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Can I opose to a Civil Subpoena?

Van Nuys, CA |

Can I opose to a Civil Subpoena? It says I have to appear at trial. I am not a party to the action. How can I object?

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Attorney answers 3


You need a valid reason not to appear. If you have one, the proper method is to file a Motion to Quash the subpoena. Generally, you will need the assistance of a lawyer to raise the necessary issues and facts to do so. The party serving the subpoena also is required to tender the statutory witness fees. If this is not done and no arrangements for payment have been made, your appearance may not be required.

The information given is generic and does not constitute legal advice, which would only be given after a complete review of the specific facts of your case.


Non-parties can be subpoenaed to testify in a deposition or at trial.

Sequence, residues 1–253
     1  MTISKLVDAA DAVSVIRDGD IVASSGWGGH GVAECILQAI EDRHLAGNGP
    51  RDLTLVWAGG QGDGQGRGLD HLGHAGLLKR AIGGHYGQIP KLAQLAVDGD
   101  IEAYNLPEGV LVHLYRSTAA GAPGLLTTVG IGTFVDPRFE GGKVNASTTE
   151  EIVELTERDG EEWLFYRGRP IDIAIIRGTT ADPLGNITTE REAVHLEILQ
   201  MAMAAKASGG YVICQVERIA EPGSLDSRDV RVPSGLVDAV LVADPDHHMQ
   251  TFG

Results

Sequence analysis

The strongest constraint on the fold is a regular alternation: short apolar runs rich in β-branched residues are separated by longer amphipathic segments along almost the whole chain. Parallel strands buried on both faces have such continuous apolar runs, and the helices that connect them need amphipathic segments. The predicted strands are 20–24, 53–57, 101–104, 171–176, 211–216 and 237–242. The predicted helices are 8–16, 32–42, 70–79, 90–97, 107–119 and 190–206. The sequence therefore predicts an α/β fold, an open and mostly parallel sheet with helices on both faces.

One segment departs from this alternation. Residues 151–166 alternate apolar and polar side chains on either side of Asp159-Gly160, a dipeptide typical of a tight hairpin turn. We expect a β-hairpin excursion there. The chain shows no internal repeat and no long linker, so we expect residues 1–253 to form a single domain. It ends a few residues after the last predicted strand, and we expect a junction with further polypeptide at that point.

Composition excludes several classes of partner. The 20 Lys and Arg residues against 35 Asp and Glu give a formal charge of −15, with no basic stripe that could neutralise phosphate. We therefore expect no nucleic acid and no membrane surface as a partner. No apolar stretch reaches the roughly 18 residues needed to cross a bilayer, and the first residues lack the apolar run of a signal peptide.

You would need a legal reason why you should not be compelled to appear. For example, was the subpoena improperly served? Or did you ask for but were not given the witness fee? In these situations, you need to file Motion to Quash the Subpoena.

Otherwise, you can't object to a civil subpoena simply because it is inconvenient for you or because you don't feel like going. A subpoena is a court order, and you could be held in contempt of court if you fail to appear.

Frank W. Chen has been licensed to practice law in California since 1988. The information presented here is general in nature and is not intended, nor should be construed, as legal advice for a particular case. This posting does not create any attorney-client relationship with the author. For specific advice about your particular situation, please consult with your own attorney.


I agree with my colleagues that the proper response to a subpoena is a motion to quash. Failing that, if a subpoenaed party refuses to appear, it will be subject to contempt proceedings. Non-parties can be subpoenaed to appear in a civil case.

I have been licensed to practice in the State of Oregon since 1990. I am not offering legal advice regarding your question, only general information regarding the law. You are not my client nor am I your attorney unless we sign a retainer agreement.

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